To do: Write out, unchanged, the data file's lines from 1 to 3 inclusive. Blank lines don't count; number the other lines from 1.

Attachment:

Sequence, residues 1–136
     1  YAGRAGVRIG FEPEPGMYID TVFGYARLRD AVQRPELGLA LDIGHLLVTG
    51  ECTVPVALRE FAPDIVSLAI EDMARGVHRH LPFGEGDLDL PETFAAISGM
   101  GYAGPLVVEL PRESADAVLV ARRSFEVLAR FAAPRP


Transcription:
Sequence, residues 1–136
     1  YAGRAGVRIG FEPEPGMYID TVFGYARLRD AVQRPELGLA LDIGHLLVTG
    51  ECTVPVALRE FAPDIVSLAI EDMARGVHRH LPFGEGDLDL PETFAAISGM